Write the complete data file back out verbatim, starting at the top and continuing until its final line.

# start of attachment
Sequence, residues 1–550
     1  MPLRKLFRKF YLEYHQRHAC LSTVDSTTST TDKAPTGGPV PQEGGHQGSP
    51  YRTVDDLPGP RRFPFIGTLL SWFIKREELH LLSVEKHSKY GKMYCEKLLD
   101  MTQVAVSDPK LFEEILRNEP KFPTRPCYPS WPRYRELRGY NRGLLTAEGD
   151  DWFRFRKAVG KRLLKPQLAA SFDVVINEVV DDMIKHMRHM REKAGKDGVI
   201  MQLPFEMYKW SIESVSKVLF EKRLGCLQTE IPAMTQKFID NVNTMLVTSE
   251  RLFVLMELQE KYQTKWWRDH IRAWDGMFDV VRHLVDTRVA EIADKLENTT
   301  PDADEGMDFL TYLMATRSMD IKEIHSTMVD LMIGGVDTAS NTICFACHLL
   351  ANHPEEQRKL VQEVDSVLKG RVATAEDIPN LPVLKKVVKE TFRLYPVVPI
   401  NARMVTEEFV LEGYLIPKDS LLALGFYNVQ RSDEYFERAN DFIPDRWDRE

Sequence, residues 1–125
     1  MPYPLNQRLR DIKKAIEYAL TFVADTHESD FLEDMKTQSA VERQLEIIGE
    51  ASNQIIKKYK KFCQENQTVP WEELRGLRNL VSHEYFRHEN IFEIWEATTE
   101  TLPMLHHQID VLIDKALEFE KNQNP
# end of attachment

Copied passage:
Sequence, residues 1–550
     1  MPLRKLFRKF YLEYHQRHAC LSTVDSTTST TDKAPTGGPV PQEGGHQGSP
    51  YRTVDDLPGP RRFPFIGTLL SWFIKREELH LLSVEKHSKY GKMYCEKLLD
   101  MTQVAVSDPK LFEEILRNEP KFPTRPCYPS WPRYRELRGY NRGLLTAEGD
   151  DWFRFRKAVG KRLLKPQLAA SFDVVINEVV DDMIKHMRHM REKAGKDGVI
   201  MQLPFEMYKW SIESVSKVLF EKRLGCLQTE IPAMTQKFID NVNTMLVTSE
   251  RLFVLMELQE KYQTKWWRDH IRAWDGMFDV VRHLVDTRVA EIADKLENTT
   301  PDADEGMDFL TYLMATRSMD IKEIHSTMVD LMIGGVDTAS NTICFACHLL
   351  ANHPEEQRKL VQEVDSVLKG RVATAEDIPN LPVLKKVVKE TFRLYPVVPI
   401  NARMVTEEFV LEGYLIPKDS LLALGFYNVQ RSDEYFERAN DFIPDRWDRE

Sequence, residues 1–125
     1  MPYPLNQRLR DIKKAIEYAL TFVADTHESD FLEDMKTQSA VERQLEIIGE
    51  ASNQIIKKYK KFCQENQTVP WEELRGLRNL VSHEYFRHEN IFEIWEATTE
   101  TLPMLHHQID VLIDKALEFE KNQNP